|Sticker front (blank back)|
If found this post following the bread crumbs of my other Venezuelan posts, you probably know their native pro ball (aka, Liga Venezolana de Béisbol Profesional) occupies the MLB's winter months, so this stamp set likely hit Caribbean stores and ballparks in late fall. Local card sets usually came in small packs of 4 or 6, which I assume was also the case here.
1972 stamps feature a plain, gumless back, which most collectors mounted in albums. Unfortunately, that habit makes card damage a common occurrence and few survived the 1970s at all, let alone in decent shape.
While most of the set's pictures came directly from 1972 Topps cards, Venezuelan editors cropped Jim's from his high-series "traded" card.
Thanks to a Jan 6, 2011 blog post from Who Made the Grade, I learned that Fregosi appeared on three Topps cards that year: #115 (as an Angel), #346 Boyhood Photos (as a Met), and #755. NY traded for Jim in December 1971, so the first series must've already been closed for printing by then, and only caught up in the next go-round.
Who Made the Grade also made the point that Nolan Ryan--the focus of the swap--deserved a traded card more than Fregosi. Failing knees put Jim's prime behind him, though he still helped teams as a platoon player and unofficial coach. (I feature his unusual final days as a fielder in the 1966 OPC #5 profile.)
If you enjoy that early 1970s "look" on these cards, check out the blog 1973 Topps Photography, which is running through the whole set.
UPDATE: Bad news for me! Turns out that rounded font for JIM FREGOSI means this stamp's a counterfeit printed in 2009 and sold into the modern hobby on eBay. See this Collectors Universe forum for more details on how that happened and cards to avoid. This Brooks example and (its blockier font) should be legit. Some fakes made it into PSA slabs, reminding us that professionals get fooled.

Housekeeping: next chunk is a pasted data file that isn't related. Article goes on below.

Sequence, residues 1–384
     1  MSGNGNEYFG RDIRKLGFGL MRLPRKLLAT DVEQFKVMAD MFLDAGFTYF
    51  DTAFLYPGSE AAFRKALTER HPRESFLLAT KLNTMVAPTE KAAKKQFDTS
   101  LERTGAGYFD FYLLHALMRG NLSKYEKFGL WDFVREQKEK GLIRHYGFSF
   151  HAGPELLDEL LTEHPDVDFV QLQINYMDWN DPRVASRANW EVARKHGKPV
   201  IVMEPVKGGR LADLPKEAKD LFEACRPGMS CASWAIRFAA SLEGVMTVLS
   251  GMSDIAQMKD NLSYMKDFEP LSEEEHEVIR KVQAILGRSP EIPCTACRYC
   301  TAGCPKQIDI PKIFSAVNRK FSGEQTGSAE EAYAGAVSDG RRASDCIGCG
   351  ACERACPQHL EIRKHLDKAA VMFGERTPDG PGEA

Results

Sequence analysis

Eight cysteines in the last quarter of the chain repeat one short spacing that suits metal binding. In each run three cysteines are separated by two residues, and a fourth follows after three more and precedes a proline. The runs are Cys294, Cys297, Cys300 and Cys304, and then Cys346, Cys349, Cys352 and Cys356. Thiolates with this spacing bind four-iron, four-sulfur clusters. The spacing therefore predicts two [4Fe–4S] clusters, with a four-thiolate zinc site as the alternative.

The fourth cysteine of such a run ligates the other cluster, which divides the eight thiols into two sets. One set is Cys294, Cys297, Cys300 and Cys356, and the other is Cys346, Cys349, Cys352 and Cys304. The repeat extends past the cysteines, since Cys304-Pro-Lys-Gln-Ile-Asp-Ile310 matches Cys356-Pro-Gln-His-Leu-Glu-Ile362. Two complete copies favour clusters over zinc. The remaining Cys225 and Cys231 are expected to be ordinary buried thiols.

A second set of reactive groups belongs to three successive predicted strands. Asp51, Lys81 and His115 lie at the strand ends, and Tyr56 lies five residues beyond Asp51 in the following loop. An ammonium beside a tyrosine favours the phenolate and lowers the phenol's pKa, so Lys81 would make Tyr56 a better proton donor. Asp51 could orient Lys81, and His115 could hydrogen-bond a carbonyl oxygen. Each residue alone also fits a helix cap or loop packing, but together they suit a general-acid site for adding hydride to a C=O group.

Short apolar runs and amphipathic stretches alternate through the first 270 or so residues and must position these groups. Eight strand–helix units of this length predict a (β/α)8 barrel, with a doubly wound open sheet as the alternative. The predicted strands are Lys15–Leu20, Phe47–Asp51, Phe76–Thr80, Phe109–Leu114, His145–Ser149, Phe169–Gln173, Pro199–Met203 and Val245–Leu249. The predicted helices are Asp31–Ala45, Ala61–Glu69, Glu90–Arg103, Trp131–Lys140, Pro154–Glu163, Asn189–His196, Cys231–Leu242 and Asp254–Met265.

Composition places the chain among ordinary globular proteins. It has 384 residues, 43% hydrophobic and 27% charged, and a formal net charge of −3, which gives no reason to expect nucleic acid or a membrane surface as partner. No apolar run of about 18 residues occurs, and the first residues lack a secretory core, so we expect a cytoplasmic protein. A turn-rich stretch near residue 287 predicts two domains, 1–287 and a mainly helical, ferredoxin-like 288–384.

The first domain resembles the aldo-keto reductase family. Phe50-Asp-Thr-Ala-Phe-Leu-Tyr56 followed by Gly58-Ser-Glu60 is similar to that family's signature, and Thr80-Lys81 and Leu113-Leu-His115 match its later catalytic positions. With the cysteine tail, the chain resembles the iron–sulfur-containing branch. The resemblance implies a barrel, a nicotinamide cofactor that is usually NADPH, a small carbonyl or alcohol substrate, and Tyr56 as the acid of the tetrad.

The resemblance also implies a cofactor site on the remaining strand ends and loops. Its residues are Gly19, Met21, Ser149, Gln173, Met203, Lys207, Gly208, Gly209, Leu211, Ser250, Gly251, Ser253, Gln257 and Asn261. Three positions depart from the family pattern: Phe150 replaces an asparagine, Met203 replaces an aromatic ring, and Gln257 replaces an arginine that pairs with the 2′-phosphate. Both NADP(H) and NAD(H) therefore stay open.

Value: Found Mr. Fregosi on eBay for $12. HOFers like #184 Nolan Ryan cost triple digits--well above Topps equivalents--given the set's rarity.
Fakes / reprints: Collectors Universe confirmed that many counterfeits exist, even in professionally graded slabs. Look for rounded lettering with whiter borders and avoid too-good-to-be-true pricing. It took real expertise to ID and call out these fakes, given their low profile in the hobby.
Thanks again for pimping my blog, Spike!
BTW, I came across this piece on Jim Fregosi while I was writing an entry for the Mets360 blog that might be of interest to you: http://mets360.com/?p=13252
FWIW, I also write Who Made the Grade, which you referenced in this Fregosi article.
Really enjoying your site!
Thanks for that link and glad to make the connection!
The more I see those Venezuelan stamps, the more I suspect Topps had nothing to do with their printing. Would love to find some 1972 wrappers or albums and check for publication details...
(by "nothing to do with," I mean that Topps might not have licensed Venezuelan re-use of their 1972 photos--a local printer could've bought a set and done their own copying.)
Post a Comment